It’s the Geography, Cupid! - PowerPoint PPT Presentation

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It’s the Geography, Cupid!

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  1. It’s the Geography, Cupid!

  2. GTECH 201 Lecture 04Introductionto Spatial Data

  3. Today’s Content • Types of spatial data • World models • Spatial data models • Spatial data structures • The geo-relational principle

  4. Types of Spatial Data • Locations or regions • Relative positions • Points, lines, or areas • Regular vs. irregular • Continuous vs. discrete

  5. Geostatistical Data –aka random field data • Measurements taken at fixed locations • Spatially continuous • Small-scale variation • Tobler’s Law of Geography

  6. Regular lattice Satellite image Irregular lattice Polygon map Lattice Data

  7. Spatial Point Patterns • Distribution of locations • e.g., bald eagles or earth quakes

  8. Why do we Need Models? It wont fit!

  9. Vector View

  10. Raster / Image View

  11. What is where? versus Where is what? • “What is where?” – Vector space is occupied by objects that are described by their attributes • “Where is what?” – Raster variation of an attribute as a continuous field

  12. Raster Vector • Each world view presents different aspects of the “real” world • Thus we can: • ask different questions (e.g. apply different operations) • get different answers (e.g. apply different analytical tools) …….. so choose carefully

  13. Raster Vector continued • Converting between the raster and vector data models results in error

  14. Chrisman’s Spheres

  15. ANSI-SPARC Model for Software Development GIS are systems to model the world User Model Conceptual Model Operational Model

  16. GIS are Systems to Model the World User Model – how we intuitively think Conceptual Model Operational Model ANSI-SPARC Model for software development

  17. GIS are Systems to Model the World User Model Conceptual Model Operational Model ANSI-SPARC Model for software development how we systematically define ideas

  18. GIS are Systems to Model the World User Model Conceptual Model Operational Model how we fuse systematic thinking into a technologically defined context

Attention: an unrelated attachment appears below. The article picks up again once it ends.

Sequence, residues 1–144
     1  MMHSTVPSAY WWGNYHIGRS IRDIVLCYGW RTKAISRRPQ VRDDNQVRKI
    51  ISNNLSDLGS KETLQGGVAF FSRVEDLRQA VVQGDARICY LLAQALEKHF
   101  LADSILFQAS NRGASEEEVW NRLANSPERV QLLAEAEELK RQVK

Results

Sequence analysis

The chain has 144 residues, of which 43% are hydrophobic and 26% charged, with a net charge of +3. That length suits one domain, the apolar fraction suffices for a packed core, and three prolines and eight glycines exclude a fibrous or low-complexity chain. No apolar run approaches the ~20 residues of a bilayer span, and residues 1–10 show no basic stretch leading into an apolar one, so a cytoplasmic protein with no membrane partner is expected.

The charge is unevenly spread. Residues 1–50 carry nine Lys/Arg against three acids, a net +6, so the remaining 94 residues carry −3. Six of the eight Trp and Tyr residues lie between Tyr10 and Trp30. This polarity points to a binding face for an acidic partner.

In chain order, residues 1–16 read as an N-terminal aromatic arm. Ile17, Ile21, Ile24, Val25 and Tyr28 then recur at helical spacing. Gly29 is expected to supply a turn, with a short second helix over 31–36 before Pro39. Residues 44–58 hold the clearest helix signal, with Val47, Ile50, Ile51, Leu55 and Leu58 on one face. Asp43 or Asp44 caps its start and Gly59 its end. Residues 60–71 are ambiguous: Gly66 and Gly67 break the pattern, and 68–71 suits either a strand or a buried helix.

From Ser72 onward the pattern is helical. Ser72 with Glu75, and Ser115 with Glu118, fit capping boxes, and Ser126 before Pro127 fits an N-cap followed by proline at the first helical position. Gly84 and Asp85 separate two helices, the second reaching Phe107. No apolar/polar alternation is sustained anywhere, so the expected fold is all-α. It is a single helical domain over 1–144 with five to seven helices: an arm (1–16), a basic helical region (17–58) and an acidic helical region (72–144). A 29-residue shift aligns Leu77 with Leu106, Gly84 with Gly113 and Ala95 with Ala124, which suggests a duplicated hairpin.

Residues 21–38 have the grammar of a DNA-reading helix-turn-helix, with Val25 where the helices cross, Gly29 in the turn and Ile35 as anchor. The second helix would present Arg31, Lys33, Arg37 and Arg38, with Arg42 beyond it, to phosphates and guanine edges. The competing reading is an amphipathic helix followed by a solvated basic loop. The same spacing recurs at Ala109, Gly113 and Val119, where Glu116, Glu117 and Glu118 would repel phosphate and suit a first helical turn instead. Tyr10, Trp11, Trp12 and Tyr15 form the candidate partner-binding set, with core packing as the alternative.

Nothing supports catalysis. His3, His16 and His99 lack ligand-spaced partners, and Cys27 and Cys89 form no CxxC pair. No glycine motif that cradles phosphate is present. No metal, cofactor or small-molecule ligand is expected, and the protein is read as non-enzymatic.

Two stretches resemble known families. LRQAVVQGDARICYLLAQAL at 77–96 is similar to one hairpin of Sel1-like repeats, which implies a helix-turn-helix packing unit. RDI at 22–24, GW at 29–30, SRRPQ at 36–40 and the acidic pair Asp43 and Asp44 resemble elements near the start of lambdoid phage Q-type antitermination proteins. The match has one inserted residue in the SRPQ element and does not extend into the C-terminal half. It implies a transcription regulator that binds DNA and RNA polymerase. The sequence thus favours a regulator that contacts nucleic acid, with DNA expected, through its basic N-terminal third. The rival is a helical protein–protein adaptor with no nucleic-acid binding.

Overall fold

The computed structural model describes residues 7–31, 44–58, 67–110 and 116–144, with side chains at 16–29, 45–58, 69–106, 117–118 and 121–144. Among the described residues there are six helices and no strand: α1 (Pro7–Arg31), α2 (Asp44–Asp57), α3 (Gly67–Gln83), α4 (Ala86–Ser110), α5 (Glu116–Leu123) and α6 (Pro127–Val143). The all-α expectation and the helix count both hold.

19. context discipline spatial modeling conceptual modeling logical data modeling physical data modeling OPERATIONAL The ANSI/SPARC Model and Chrisman’s Spheres application disciplines geoinformation theory computer science

  20. Digital Maps as Models • Representing a complex reality • Continuous variation • Spatial Data: spatial, temporal and thematic • Data Models

  21. What sort of Models are These? • Raster Model - The world as regular tessellations defined by areal property • Vector Model - The world as points, lines, areas and attributes….. making objects • Object Model - The world as interacting entities with spatial dimensions

  22. Vector Data Models • Spaghetti model • Topological models A file of spatial data that is a just a collection of co-ordinate strings. Each entity (or piece of spaghetti) is represented by one data entry. There is no topology. Topology refers to the spatial relationships between objects. The topological model represents spatial relationships such as: - length - area - connectivity - contiguity

  23. Raster Models Pros : Simple, computer friendly, scanner friendly, field- friendly, compressible Cons : Large, unstructured, inflexible

  24. Vector Models Pros : Structure, cognitive consonance(!), compactness(?), accuracy Cons : Inflexibility, complexity, spuriously precise(?), atemporal

  25. Object-centered Models Pros : Structure, power, potential process links, consistency(?) Cons : Extreme complexity, power hungry

  26. Data Structure

  27. unique stand number dominant cover group avg. tree height stand site index stand age 001 deciduous 3 G 100 002 dec/con 4 M 80 003 dec/con 4 M 60 004 coniferous 4 G 120 Attributes Forest Inventory

  28. Geo-Relational Principle

  29. Database Relations

  30. Further Reading ANSI/SPARC model Laurini & Thompson. Fundamentals of GIS, p.357-362 Chrisman’s Spheres Chrisman, N. 1997. Exploring Geographic Information Systems Key Text for Concepts De Mers, M. 2004. Fundamentals of Geographic Information Systems. NY:John Wiley & Sons